Monday, March 9, 2015

Raymond Fisman - Education vs Markets

Public services are never better performed than when their reward comes only in consequence of their being performed, and is proportioned to the diligence employed in performing them. - Adam Smith, Wealth of Nations
...the cold, hard calculations of markets aren't necessarily suited to the realm of education. - Raymond Fisman, Sweden’s School Choice Disaster

Just found out about Fisman's article from my second favorite Crooked Timber liberal John Quiggin.  It was pretty impossible not to dedicate a blog entry to highlighting Fisman's crazy conclusion.

What I remember about my high school is that no two teachers were equally effective or enthusiastic.  Yet, despite the distinct disparity in performance... they were all paid the same.  How absolutely nonsensical is that?

This nonsense is easy enough to fix.  Rather than schools paying teachers... parents should pay teachers.  Clearly parents aren't going to want to pay teachers for flunking their kids... so as Fisman correctly pointed out... this would give teachers a perverse incentive to grade leniently.

This nonsense is easy enough to fix as well.  Just separate the testing from the teaching.  Teachers will still be able to test and give grades... but there will be independent institutions responsible for testing a student's grasp of the subjects.  Teaching institutions will teach and testing institutions will test.  Why not have a division of labor?  Isn't this how we increase productivity?

At the end of the year, or whenever, parents would have their kids tested.  And then the parents would pay the teachers accordingly.

Of course I don't see any reason why parents shouldn't be able to administer the tests themselves if they were so inclined.

What's going to happen?  Clearly the best teachers are going to get paid more and the worst teachers are going to get paid less.  This is what "the cold, hard calculations of markets" would actually produce.  How does Fisman not know or understand this?  Oh yeah, it's because his parents couldn't get a refund on his lousy education.

When there's a market in a large enough field, and this market isn't fucked with, then we should see at least a few superstars.  According to a quick Google search... in 2012 there were 3.7 million full-time elementary and secondary school teachers.  How many superstars do we see?  Are any of them earning $1,000,000 per year?  Nope?  Well guess what... the problem isn't the market in education... it's the people who are fucking with the market in education.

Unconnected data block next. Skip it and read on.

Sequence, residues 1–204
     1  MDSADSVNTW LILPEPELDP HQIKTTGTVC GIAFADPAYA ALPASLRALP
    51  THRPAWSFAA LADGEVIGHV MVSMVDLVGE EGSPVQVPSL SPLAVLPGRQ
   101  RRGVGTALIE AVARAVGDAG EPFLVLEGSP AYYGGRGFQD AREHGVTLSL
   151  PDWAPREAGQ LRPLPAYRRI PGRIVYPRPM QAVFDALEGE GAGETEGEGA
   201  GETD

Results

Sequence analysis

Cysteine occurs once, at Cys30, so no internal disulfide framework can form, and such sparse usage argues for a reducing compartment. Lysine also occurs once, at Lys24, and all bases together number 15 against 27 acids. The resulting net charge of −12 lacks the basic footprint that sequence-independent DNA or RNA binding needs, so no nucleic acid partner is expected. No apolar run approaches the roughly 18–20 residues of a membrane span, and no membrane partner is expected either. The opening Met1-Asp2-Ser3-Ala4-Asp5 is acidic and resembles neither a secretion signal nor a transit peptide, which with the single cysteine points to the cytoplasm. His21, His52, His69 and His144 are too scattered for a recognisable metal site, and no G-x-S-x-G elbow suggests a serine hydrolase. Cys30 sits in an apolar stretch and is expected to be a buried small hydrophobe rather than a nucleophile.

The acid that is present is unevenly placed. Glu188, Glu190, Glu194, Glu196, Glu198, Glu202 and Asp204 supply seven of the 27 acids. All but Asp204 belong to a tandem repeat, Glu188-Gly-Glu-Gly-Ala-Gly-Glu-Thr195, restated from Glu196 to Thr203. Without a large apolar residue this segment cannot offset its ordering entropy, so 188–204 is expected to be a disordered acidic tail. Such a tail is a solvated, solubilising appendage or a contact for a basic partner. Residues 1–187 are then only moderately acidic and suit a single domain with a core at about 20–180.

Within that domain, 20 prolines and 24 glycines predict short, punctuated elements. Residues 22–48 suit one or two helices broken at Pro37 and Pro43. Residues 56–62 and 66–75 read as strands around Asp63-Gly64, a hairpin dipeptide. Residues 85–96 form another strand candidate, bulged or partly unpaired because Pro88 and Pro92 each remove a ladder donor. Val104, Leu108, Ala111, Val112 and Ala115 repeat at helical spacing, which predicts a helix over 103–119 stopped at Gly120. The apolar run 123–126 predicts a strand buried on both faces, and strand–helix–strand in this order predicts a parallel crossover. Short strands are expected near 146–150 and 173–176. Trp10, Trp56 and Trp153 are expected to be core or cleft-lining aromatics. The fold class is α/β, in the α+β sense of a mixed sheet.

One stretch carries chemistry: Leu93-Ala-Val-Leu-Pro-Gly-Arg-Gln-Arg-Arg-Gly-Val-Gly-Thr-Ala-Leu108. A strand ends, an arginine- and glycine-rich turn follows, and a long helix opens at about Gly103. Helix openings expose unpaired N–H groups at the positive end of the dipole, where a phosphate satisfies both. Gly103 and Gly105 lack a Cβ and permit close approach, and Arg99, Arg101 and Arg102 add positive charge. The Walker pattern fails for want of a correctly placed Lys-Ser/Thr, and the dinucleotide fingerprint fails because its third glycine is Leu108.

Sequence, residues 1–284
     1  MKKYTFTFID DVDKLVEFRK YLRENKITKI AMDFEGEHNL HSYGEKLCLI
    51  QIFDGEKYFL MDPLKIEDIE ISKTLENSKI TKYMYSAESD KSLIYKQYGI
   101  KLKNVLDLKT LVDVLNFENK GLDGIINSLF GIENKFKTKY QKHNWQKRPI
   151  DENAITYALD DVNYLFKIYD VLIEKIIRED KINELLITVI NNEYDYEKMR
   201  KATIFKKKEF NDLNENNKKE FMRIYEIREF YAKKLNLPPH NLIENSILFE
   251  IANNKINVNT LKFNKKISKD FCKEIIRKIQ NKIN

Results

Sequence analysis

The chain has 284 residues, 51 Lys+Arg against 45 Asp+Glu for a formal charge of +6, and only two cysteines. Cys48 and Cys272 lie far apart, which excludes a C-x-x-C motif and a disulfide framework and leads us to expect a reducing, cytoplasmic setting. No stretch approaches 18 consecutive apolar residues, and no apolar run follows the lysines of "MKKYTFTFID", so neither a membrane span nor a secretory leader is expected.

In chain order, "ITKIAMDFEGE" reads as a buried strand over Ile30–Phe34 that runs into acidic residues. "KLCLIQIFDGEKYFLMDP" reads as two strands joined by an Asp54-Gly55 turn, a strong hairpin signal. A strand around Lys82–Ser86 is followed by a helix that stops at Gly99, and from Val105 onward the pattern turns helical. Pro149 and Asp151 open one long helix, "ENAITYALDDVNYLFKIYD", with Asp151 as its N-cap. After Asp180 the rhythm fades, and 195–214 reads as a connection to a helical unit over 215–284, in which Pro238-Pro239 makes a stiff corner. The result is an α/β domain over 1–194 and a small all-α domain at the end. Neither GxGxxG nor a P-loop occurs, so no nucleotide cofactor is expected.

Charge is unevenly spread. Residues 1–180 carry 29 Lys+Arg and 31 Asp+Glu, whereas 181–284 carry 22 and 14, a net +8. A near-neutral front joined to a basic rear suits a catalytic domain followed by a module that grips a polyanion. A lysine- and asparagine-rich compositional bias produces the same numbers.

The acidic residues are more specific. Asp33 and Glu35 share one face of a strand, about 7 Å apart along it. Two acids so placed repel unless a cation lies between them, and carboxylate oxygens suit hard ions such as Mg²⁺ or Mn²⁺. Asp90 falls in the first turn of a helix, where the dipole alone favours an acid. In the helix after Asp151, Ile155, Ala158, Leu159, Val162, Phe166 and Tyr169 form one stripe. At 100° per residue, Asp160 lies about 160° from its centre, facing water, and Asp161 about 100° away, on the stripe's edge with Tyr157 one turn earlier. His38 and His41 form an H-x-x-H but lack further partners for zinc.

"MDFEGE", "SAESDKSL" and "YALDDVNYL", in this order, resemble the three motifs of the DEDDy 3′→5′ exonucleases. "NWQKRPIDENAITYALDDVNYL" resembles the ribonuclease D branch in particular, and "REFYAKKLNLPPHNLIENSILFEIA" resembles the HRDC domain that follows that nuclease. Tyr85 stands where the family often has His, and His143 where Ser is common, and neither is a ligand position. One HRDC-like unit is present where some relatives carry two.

But.. but... but... what about inequality?  What about all the poor people who aren't going to be able to afford a teacher who's worth a million a year?  

Let's say Mr. Z earns a million per year.  For sure there's going to be a limit to how many students can be crammed into his physical classroom... but there wouldn't be a limit to how many students could be crammed into his virtual classroom.  Poor parents could either have their kids attend Mr. Z's virtual classes... or they could have their kids attend some regular teacher's physical classes.  Heck, they could have their kids do both.  Then they'd just allocate their payments however they liked.

If Mr. Z has some innovative technique... then other teachers are going to have a strong incentive to adopt it.  This would have a leveling effect on incomes but, more importantly, best practices would be identified and adopted at a much faster rate.  Fisman must have missed the class on value signals.  He must have also missed the class on bundles.

A school is essentially a bundle of different products (teachers).  When a parent decides between two schools... they are deciding between two different bundles of teachers.  From the economic perspective, this is exactly the same as somebody deciding between two cities.  Tiebout made the case that foot voting works well enough at revealing preferences.  For some reason though it's not readily apparent that tax voting is an extremely more efficient mechanism for revealing preferences.

Think of it like this.  If you're a bad teacher... would you prefer parents deciding which school they give their money to?  Or... would you prefer parents deciding which teachers they give their money to?  

Choosing between schools is more monolithic.  Choosing between teachers is more modular.  With monolithic systems... they baby is thrown out with the bath water.  With modular systems... just the bath water is thrown out.

A school would essentially be a market within the education market.  Parents (buyers) would find teachers (sellers) to trade with.

In a pragmatarian system... a school would be a market within the education market... and the education market would be within the public sector market.  And the pubmar would be a market within the country's market... which would be within the global market.  So there would be a market within a market within a market within a market within a market within a market within a market within a market within a market within a market....

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